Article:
Yellowstone Mammoth Hot Springs Area

NOTE: Both this Mammoth area map and the terraces map on 263 have north at the top, so they differ slightly from some ocial NPS maps. The flat grassy area in the center of the Mammoth Hot Springs area was used as a parade ground when the U.S. Cavalry was in charge of the park (1886-1918). Imagine the fine displays of horsemanship the soldiers put on for the guests at the hotel, despite fears that the hollow ground might cave in under the horses’ hooves. There are still people alive who remember the years after the army left, when winter residents flooded the area for ice-skating. A Plant Special to Mammoth Why are there cultivated green lawns at Mammoth, when this is supposed to be a natural and wild place? The U.S.

Cavalry first created a bare parade ground at the base of the terraces but later brought in soil, seeded it with grass and clover, and installed an irrigation system. Perhaps the ocers and other residents also wanted grass to help them feel at home while stationed here. This is the only place in Yellowstone where you’ll see green grass lawns. @ The large store building, now closed, located at the edge of the open area along the road to Tower-Roosevelt, was built in 1929 as the headquarters for Haynes Picture Shops. All the other buildings you see in this part of Mammoth, with one exception, are oces and workshops and housing for employees, since this is the center of administration and maintenance for the entire park. The one public building found on the road toward Tower-Roosevelt is the Yellowstone National Park Chapel, the last stone building as you leave the developed area. Built in 1913 in the cruciform shape indicative of Episcopalian origin, the chapel has always been non-denominational and used for weddings as well as services. Times for Saturday mass and Sunday services are posted on the board in front of the building. The Y.N.P. Chapel was planned by year-round residents of Mammoth, including Judge John W. Meldrum, the U.S. Commissioner for the park who served from 1894 to 1935.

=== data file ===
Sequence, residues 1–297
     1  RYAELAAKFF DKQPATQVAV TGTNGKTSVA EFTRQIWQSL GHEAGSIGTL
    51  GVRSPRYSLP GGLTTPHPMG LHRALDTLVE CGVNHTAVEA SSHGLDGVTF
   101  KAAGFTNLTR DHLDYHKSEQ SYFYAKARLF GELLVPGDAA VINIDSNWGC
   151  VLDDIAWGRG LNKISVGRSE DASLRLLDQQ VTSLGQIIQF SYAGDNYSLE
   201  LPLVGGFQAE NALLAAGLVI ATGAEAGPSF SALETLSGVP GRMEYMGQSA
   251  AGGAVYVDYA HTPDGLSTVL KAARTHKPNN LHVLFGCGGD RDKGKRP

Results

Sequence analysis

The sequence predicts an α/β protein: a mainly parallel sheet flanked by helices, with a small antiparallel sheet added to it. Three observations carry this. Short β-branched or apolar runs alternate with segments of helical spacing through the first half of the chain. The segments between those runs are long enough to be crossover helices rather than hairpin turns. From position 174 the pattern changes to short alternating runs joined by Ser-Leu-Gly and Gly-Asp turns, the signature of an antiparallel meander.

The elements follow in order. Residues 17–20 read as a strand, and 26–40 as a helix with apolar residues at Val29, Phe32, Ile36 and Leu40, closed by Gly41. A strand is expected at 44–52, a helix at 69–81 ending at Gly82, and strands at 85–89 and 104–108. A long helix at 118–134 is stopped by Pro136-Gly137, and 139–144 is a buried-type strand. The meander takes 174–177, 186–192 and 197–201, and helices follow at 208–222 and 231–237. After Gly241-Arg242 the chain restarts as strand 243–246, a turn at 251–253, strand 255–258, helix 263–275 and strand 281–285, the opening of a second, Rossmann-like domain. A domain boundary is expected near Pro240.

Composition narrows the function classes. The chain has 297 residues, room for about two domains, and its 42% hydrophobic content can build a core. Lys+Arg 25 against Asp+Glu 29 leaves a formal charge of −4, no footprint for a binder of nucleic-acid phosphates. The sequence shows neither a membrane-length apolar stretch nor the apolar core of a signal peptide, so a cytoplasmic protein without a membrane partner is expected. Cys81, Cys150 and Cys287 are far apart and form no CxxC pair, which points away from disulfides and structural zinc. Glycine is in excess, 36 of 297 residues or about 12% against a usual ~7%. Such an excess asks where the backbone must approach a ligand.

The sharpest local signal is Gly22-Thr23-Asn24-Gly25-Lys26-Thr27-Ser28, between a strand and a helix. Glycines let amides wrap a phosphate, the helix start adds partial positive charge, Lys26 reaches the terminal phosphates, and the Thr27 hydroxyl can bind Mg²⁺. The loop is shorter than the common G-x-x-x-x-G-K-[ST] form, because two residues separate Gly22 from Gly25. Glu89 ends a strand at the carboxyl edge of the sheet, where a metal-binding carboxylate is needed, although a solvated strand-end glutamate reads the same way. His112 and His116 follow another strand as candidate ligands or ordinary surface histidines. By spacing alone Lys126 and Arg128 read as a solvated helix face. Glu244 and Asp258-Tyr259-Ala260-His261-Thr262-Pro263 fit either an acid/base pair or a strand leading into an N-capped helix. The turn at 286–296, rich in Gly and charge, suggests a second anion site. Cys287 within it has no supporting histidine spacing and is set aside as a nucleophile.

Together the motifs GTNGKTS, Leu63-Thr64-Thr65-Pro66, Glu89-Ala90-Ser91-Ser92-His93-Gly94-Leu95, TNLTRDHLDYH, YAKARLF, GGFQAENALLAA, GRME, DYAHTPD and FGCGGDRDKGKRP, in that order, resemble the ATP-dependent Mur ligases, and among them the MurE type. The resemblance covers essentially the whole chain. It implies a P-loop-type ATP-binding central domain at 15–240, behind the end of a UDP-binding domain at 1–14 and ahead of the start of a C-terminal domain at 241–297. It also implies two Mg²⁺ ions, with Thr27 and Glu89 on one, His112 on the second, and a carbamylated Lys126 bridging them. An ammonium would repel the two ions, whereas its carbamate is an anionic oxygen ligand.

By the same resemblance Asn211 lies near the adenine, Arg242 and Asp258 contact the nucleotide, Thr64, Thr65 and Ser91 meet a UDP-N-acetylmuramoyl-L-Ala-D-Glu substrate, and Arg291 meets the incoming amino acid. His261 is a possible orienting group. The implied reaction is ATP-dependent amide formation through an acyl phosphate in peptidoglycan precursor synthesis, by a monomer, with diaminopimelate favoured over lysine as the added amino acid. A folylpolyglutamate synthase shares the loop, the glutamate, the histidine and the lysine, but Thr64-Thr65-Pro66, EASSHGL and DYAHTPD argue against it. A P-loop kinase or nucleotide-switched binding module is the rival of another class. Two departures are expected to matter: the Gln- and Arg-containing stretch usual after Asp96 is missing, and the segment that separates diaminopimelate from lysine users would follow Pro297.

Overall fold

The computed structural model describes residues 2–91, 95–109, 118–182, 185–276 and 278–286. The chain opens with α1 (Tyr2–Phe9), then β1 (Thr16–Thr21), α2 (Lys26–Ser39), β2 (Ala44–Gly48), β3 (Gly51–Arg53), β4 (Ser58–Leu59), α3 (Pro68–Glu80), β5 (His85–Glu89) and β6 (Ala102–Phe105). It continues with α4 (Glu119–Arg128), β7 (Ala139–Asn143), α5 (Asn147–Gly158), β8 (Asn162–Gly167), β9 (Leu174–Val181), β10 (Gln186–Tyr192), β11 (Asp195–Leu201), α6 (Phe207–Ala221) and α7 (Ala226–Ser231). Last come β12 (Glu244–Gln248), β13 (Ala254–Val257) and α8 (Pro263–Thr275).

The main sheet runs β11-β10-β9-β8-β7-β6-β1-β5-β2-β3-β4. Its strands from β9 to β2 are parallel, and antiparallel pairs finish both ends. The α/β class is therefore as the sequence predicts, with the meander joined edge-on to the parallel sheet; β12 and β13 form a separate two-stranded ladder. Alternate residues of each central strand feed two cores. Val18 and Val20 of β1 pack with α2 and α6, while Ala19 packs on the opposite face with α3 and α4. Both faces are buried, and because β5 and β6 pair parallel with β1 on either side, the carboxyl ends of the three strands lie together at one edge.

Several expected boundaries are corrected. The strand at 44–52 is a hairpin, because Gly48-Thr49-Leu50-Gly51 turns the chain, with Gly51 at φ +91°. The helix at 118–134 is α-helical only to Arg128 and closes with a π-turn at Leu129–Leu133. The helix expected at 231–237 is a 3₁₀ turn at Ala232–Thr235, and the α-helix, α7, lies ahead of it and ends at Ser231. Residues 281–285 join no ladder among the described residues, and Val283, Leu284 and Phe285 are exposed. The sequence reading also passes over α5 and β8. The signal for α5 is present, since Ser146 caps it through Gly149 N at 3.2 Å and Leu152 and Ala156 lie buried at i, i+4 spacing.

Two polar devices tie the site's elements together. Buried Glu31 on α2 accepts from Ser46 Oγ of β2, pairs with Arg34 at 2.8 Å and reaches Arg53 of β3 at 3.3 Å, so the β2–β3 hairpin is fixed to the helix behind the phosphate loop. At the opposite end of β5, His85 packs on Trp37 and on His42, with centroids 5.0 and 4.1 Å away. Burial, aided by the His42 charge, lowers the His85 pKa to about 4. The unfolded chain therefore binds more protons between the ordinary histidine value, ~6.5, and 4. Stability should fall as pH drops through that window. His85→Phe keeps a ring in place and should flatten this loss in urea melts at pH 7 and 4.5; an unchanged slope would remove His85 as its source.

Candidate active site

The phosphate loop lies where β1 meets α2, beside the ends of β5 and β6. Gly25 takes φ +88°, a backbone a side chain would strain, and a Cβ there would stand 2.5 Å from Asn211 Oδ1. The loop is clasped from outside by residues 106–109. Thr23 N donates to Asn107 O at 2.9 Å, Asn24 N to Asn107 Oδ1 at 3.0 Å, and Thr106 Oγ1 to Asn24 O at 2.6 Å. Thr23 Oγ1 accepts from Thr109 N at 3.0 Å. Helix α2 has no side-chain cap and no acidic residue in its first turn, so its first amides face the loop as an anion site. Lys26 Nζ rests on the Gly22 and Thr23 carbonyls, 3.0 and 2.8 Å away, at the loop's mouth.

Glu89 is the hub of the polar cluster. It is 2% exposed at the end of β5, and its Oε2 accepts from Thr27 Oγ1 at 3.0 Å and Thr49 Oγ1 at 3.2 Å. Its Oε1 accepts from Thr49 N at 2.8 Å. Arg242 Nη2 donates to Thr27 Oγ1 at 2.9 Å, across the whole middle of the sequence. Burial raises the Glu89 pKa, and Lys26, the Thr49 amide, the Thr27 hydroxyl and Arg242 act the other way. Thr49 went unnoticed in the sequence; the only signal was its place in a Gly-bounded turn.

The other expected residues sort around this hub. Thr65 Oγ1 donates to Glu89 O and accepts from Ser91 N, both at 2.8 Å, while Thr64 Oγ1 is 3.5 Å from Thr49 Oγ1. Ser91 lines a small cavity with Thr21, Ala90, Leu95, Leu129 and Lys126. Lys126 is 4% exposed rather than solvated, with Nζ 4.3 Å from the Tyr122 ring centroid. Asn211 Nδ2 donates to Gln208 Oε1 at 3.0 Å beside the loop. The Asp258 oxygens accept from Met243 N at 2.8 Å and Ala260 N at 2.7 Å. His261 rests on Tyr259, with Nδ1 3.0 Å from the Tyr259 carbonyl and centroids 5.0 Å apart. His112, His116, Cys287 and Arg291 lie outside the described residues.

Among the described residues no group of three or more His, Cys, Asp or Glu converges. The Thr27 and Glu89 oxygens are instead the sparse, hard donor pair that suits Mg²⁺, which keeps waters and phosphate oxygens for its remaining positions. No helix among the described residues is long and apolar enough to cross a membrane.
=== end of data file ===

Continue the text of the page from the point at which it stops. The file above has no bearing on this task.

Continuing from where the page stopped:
It was built of native sandstone by a Billings construction company and furnished in oak. The chapel vestibule is graced with painted and stained glass windows The resident elk herd at Mammoth helps keep the grass short. Windows in the chapel vestibule. showing Old Faithful, the Lower Falls of the Yellowstone, and common flora and fauna of the area. These windows, made and given to the park by Miss Jessie Van Brunt, were installed at the front entrance in 1939. Animals and Holes in the Ground Mammoth is the year-round home of a herd of elk (also called by its Shawnee name wapiti, meaning white rump). These elk are not tame, so keep a safe distance away the Park Service says 25 yards (23 m) away. In early summer, you’ll see mostly cows and calves grazing and resting in the shade. Sometimes they’ll be on the terraces themselves, since there are fewer bugs there, and the white travertine reflects the heat away. In the autumn, the bull elk round up their harems and sound off with their peculiar bugling sound. The males with small single-pronged antlers are yearlings. Watch your step if you’re walking on the grass! Deep burrows dug by Uinta ground squirrels are everywhere.

This rodent, which children love to watch, appears to be a cross between a red squirrel and a yellow-bellied marmot, both of which live elsewhere in the park. These squirrels stay underground for up to seven months of the year. Another animal you may see at the outskirts of Mammoth is the coyote. Coyotes are smaller and slimmer than wolves and much less shy. In fact, there have been some incidents of coyotes biting humans in recent years after they were fed human food. Special Caution: Do not approach or feed any animals in the park. While walking in front of the visitor center, you’ll see three holes in the ground that are much too wide and deep to be ground squirrel burrows. These are collapse features, where water has flowed through the travertine, weakened it, and dissolved it away until the ground above has caved in.

Yellowstone Mammoth Hot Springs Area Photo Gallery



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